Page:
|Publication number||US8146032 B2|
|Application number||US 12/363,485|
|Publication date||Mar 27, 2012|
|Filing date||Jan 30, 2009|
|Priority date||Jan 30, 2009|
|Also published as||CN101794327A, CN101794327B, EP2392026A2, EP2392026A4, US20100199236, WO2010088140A2, WO2010088140A3|
|Publication number||12363485, 363485, US 8146032 B2, US 8146032B2, US-B2-8146032, US8146032 B2, US8146032B2|
|Inventors||Qiushi Chen, Beifang Qiu, Charles C. Chiang, Xiaoping Hu, Mathew Koshy, Baribrata Biswas|
|Original Assignee||Synopsys, Inc.|
|Export Citation||BiBTeX, EndNote, RefMan|
|Patent Citations (15), Non-Patent Citations (7), Referenced by (16), Classifications (32), Legal Events (2)|
|External Links: USPTO, USPTO Assignment, Espacenet|
Embodiments of the present invention generally relate to techniques for designing and manufacturing integrated circuits (ICs). More specifically, embodiments of the present invention relate to a technique for RLC modeling and extraction for three-dimensional integrated circuit (3D-IC) designs.
2. Related Art
Dramatic improvements in circuit design and manufacturing technology have made it possible to integrate hundreds of millions of transistors onto a single integrated circuit (IC) chip. More specifically, these improvements in IC integration densities have been achieved by shrinking IC feature sizes horizontally according to Moore's law. Because the scaling is performed horizontally, the IC chips are two-dimensional (2D) in nature (referred to as “2D-ICs”) and are coupled to other 2D-IC chips or packages through I/O pins.
As process scaling approaches the nanometer regime, improving performance through such horizontal scaling is becoming increasingly difficult because the IC feature sizes are approaching physical limits which results in large power consumption, manufacturing complexity, etc. Hence, the semiconductor industry is considering new technologies to continue to increase the integration densities.
Three-dimensional (3D)-IC technology is one such emerging technology that enables chip size reductions in the vertical direction by vertically stacking multiple IC dies. Two types of 3D-IC techniques have been proposed: package-level integration and wafer-level integration. Package-level integration techniques often suffer from limitations such as reduced interconnect density. On the other hand, wafer-level integration techniques, which use through-silicon vias (TSVs) or silicon interposers, can enable vertical IC-die integration and scaling without using external packaging connections. Such 3D-ICs are often vertically integrated through thinned silicon substrates and TSVs, and often require bonding techniques between vertically stacked dies.
Unfortunately, conventional electronic design automation (EDA) tools have been designed to work with 2D-ICs. As a result, conventional EDA tools usually cannot be used with 3D-ICs.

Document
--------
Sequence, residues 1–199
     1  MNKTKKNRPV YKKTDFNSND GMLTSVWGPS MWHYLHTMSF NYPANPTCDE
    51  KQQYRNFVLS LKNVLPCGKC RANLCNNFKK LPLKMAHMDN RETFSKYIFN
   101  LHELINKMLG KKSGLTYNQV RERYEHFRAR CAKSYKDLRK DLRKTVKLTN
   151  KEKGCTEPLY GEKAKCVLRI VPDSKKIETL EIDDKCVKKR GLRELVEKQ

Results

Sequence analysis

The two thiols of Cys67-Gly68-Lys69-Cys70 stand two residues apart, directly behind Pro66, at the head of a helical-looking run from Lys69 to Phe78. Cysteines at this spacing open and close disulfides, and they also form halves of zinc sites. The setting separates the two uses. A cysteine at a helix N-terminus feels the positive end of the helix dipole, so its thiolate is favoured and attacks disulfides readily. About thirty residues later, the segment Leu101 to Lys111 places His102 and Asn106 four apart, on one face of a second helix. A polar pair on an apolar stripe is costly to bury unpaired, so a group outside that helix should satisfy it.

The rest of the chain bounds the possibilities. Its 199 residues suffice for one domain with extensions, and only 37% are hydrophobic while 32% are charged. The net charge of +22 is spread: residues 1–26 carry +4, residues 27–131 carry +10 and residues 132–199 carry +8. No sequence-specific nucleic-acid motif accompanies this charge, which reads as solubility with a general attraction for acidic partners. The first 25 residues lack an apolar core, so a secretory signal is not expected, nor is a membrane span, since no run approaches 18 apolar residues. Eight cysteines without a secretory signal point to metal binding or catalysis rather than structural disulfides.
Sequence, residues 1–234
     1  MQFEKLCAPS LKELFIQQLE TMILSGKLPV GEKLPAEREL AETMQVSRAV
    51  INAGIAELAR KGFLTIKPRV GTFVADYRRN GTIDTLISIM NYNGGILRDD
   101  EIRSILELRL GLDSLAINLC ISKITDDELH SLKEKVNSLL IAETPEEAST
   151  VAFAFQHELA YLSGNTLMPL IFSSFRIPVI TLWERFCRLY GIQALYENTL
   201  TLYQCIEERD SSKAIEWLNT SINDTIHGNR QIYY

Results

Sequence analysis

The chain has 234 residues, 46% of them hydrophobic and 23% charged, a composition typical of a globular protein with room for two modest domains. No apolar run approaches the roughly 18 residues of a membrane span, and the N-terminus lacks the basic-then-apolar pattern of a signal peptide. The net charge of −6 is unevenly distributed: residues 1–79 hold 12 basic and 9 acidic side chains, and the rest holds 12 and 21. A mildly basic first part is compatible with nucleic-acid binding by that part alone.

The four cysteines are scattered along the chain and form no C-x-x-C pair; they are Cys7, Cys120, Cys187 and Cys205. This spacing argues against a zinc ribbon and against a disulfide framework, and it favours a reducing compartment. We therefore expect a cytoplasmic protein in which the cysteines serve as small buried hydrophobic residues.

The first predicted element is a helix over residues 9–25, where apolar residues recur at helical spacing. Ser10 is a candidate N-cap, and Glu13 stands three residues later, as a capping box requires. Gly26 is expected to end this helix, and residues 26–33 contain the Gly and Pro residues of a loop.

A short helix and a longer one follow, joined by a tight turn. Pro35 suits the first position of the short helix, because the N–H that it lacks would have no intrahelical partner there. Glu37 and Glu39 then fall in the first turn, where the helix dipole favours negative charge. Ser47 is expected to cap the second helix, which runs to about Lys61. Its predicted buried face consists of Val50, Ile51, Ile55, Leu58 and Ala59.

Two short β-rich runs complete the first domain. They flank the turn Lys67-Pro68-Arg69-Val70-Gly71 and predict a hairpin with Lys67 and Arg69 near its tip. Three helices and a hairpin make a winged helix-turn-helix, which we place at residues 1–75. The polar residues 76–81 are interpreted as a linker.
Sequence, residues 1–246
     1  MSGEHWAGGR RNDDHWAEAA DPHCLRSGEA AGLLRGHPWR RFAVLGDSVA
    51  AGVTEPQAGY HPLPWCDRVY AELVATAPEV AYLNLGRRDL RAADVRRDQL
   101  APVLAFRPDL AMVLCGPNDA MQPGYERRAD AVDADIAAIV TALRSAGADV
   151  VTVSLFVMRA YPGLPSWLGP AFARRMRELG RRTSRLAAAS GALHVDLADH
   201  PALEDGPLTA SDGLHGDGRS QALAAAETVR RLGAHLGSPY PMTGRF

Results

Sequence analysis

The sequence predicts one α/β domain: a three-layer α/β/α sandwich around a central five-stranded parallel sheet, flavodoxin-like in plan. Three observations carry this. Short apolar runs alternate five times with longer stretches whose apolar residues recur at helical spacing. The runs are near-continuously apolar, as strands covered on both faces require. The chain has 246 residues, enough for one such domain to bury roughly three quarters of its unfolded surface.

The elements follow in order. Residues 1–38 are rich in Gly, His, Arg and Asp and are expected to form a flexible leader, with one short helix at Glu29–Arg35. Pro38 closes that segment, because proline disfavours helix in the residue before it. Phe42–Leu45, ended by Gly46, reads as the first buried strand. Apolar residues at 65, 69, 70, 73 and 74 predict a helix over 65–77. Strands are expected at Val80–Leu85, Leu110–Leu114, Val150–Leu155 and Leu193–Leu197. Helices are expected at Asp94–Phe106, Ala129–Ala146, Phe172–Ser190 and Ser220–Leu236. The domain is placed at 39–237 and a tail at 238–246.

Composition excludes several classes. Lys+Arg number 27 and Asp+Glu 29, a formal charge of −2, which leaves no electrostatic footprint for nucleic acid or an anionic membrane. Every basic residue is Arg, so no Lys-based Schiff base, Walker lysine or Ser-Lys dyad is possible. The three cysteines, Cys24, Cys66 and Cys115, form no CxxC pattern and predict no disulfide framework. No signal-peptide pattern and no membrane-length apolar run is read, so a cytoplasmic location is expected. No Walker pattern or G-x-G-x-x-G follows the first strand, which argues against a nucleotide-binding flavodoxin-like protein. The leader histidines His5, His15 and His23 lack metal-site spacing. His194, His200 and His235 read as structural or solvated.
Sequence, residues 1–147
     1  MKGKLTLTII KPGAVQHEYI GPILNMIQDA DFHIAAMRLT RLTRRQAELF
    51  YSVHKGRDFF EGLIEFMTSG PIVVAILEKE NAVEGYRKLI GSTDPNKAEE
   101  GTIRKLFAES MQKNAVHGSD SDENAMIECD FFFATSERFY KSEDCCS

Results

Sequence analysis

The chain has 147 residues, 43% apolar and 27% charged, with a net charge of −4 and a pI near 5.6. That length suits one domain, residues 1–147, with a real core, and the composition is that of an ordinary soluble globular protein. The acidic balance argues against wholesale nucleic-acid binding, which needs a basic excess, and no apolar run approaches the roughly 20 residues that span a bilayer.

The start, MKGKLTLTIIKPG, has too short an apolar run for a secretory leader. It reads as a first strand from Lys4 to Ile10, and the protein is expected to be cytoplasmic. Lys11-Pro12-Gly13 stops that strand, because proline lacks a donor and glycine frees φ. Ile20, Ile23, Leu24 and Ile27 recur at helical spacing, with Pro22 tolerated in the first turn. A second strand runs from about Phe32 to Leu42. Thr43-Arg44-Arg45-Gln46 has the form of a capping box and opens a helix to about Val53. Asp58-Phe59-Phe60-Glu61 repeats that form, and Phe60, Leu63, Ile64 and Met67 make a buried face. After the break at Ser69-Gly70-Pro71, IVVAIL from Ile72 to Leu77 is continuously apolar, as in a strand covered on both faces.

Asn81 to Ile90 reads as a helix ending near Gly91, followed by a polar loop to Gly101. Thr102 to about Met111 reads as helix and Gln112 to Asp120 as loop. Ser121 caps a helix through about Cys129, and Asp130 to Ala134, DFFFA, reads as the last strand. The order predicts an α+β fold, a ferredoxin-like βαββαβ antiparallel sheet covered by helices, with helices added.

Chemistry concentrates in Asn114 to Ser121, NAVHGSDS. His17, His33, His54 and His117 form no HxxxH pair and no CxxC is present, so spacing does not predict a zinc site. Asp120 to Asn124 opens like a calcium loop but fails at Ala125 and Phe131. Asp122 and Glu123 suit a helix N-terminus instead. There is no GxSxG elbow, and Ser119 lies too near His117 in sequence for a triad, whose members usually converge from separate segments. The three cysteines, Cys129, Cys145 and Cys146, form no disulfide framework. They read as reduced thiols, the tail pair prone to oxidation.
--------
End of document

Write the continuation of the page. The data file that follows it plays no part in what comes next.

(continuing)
Hence, there is a need for EDA tools that can be used for designing 3D-ICs.
One embodiment of the present invention provides a system that performs an RLC extraction for a three-dimensional integrated circuit (3D-IC) die. During operation, the system receives a 3D-IC die description. The system then transforms the 3D-IC die description into a set of 2D-IC die descriptions, wherein the transform maintains equivalency between the set of 2D-IC die descriptions and the 3D-IC die description. Next, for each 2D-IC die description in the set of 2D-IC die descriptions, the system performs an electrical property extraction using a 2D-IC extraction tool to obtain a 2D-IC RLC netlist file. The system then combines the set of 2D-IC RLC netlist files for the set of 2D-IC die descriptions to form an RLC netlist file for the 3D-IC die description.
In some embodiments, the 3D-IC die description comprises a through-silicon via (TSV) die. The TSV die includes a front-side layer stack which includes: a top metal layer; a back-side layer stack which includes at least one back-side metal layer; a double-sided substrate which is disposed between the front-side layer stack and the back-side layer stack; and a TSV which passes through the double-sided substrate, and which electrically couples the front-side layer stack with the back-side layer stack.
In some embodiments, the system transforms the TSV die into one or more 2D-IC die descriptions.
In some embodiments, the system transforms the TSV die into one or more 2D-IC die descriptions by projecting the back-side layer stack onto the top of the front-side layer stack of the TSV die to create a virtual front-side layer stack. The system subsequently removes the back-side layer stack, thereby transforming the double-sided substrate into a single-sided substrate. The system then couples the TSV to the virtual front-side layer stack while decoupling the TSV from the single-sided substrate, thereby transforming the TSV die into a 2D-IC die description.